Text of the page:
America is aware of the reports but could not confirm them and called for the protection of civilians
US says it is unlikely Turkey used chemical weapons in Syria
The US thinks it is “extremely unlikely” Turkey used chemical weapons during its offensive against the Kurds in northern Syria, a White House official said.
The US was aware of the reports but could not confirm them, the official said, according to the Associated Press.
Ankara denied accusations it has done so, saying such reports were “baseless” and Turkey has “never used” chemical weapons in Syria.
Last month, Turkey launched a military operation, dubbed “Olive Branch”, on the Kurdish-controlled enclave of Afrin supporting Syrian rebels with ground troops and air strikes against the Kurdish People’s Protections Units (YPG) militia, which Ankara views as a terrorist organisation.
Turkey says the YPG is linked to the outlawed Kurdistan Workers' Party (PKK), which has been waging an insurgency against the Turkish state since 1984.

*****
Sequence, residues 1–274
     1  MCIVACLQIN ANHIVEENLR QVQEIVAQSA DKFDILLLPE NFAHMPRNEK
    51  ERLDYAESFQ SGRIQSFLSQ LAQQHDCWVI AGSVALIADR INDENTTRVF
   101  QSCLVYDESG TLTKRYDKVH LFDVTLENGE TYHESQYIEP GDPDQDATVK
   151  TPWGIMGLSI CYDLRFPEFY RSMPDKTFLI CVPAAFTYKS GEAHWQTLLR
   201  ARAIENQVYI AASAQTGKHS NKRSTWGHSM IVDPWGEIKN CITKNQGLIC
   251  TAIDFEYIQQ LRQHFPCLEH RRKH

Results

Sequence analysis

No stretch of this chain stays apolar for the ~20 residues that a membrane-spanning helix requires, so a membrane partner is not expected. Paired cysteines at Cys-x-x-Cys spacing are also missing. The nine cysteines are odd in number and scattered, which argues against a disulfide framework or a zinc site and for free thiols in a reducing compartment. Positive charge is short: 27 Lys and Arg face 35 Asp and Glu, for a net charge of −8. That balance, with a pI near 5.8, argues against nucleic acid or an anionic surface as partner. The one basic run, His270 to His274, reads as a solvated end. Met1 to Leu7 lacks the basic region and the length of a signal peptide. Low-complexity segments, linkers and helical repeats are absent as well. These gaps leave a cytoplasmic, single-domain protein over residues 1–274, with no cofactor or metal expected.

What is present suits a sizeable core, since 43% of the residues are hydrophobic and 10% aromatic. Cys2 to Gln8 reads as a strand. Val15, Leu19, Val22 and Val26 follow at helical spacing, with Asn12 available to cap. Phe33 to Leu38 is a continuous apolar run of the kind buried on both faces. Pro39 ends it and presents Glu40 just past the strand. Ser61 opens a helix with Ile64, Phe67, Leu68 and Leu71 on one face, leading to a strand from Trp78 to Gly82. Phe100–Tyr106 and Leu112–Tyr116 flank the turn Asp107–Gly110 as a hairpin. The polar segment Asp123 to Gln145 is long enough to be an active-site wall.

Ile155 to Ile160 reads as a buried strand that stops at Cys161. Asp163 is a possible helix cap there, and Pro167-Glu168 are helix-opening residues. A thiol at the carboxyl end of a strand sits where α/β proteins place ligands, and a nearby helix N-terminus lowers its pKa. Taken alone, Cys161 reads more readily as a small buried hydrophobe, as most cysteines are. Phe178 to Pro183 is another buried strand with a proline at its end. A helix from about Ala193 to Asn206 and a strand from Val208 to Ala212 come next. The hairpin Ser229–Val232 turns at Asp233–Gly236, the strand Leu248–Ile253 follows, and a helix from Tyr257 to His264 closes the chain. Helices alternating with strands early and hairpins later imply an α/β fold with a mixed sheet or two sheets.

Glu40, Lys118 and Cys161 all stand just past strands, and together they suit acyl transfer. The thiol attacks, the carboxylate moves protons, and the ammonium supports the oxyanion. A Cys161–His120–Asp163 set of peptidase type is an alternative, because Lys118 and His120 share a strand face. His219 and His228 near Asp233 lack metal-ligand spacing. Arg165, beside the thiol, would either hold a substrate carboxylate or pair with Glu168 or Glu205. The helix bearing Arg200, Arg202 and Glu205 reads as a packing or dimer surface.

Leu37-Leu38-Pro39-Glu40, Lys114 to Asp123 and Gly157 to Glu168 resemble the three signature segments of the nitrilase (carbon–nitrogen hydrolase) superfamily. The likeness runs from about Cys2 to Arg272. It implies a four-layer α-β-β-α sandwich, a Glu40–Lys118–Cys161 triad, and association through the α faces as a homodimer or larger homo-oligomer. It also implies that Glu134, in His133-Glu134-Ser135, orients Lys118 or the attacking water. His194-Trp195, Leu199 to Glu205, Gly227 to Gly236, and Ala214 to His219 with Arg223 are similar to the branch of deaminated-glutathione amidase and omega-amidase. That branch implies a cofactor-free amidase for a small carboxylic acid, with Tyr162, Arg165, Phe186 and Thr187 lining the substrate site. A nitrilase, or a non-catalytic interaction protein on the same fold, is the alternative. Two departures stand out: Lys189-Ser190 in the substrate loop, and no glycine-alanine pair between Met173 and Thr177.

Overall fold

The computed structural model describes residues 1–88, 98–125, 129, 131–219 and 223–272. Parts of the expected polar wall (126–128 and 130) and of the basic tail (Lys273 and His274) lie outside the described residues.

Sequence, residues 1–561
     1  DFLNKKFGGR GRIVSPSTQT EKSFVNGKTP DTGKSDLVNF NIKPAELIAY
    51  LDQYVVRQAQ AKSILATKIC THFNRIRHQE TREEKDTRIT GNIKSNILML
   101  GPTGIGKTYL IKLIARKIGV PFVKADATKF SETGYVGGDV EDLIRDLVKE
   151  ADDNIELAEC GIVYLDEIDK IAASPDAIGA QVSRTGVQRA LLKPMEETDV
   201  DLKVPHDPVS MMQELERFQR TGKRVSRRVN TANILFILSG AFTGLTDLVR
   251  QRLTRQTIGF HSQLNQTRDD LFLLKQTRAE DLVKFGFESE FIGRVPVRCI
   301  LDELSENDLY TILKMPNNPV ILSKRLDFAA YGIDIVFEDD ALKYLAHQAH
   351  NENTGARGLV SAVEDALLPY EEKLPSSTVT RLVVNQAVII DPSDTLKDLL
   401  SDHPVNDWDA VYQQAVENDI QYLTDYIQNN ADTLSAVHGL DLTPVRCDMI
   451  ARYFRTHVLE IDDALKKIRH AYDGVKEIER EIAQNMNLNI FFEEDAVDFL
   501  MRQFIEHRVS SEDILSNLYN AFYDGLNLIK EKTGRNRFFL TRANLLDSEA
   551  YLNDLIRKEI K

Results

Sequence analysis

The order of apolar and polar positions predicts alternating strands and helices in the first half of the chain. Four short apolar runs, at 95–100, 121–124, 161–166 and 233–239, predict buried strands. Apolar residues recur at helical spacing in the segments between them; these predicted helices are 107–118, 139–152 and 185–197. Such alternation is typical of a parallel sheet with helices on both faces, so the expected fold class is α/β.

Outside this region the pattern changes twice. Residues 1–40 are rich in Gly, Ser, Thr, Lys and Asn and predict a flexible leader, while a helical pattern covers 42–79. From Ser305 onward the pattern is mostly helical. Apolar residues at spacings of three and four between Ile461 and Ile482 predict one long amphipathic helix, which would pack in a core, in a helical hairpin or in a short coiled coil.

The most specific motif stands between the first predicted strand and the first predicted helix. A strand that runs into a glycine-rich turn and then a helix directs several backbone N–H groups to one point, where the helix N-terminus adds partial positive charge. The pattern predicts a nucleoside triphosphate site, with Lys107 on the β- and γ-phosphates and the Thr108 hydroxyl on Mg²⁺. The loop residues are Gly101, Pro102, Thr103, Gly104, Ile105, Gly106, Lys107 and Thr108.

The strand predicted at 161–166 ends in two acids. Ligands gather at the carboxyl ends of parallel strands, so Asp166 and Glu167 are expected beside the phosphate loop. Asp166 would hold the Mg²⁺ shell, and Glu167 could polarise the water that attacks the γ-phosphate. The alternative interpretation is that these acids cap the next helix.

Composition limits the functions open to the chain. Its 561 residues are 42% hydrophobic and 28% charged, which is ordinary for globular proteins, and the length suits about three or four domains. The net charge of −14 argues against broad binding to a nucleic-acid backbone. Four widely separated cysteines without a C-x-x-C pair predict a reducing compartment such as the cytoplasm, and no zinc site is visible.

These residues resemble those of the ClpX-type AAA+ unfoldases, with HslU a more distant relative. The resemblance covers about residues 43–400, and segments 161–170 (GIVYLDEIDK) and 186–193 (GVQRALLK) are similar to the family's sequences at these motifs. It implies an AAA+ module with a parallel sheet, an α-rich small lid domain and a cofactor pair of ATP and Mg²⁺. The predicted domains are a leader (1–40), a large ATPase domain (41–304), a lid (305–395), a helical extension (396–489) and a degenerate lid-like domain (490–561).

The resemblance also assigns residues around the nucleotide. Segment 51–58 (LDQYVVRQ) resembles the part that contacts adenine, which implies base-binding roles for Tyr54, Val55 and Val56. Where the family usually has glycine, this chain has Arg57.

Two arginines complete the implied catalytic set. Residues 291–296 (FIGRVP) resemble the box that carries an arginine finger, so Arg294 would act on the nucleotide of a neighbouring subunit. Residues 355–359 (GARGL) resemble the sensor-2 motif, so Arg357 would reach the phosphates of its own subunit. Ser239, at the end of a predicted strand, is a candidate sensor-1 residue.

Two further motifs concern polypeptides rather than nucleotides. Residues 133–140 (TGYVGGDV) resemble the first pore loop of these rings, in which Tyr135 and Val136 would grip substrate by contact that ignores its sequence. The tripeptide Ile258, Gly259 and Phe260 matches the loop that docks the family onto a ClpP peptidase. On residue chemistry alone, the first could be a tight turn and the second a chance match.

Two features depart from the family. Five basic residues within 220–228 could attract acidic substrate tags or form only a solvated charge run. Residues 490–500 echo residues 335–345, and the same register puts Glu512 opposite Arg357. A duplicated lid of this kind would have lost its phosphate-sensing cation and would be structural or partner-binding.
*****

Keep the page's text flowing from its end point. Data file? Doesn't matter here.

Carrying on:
According to Syria’s state-run Sana news agency, six people were treated in an Afrin hospital on Friday after suffering breathing difficulties and showing signs indicative of poison gas inhalation.
The Turkish military repeated in a weekly statement published on Saturday that it does not use internationally "banned ammunition" in its Afrin operation.
The UK-based Syrian Observatory for Human Rights monitor said shelling from either Turkey or allied factions hit Al Sheikh Hadid, west of the town of Afrin, and left six people with "enlarged pupils" and "breathing difficulties".
Observatory chief Rami Abdel Rahman could not confirm whether toxic gases were used, reported the Agence France-Presse.
The PKK is blacklisted as a terror group by the US and EU. But the YPG has been working closely with Washington to oust ISIL from Syria, which has strained relations between the two Nato allies.
The Observatory says at least 78 civilians have died during Turkey’s operation but Ankara repeatedly insists it is taking all the necessary measures to protect civilians.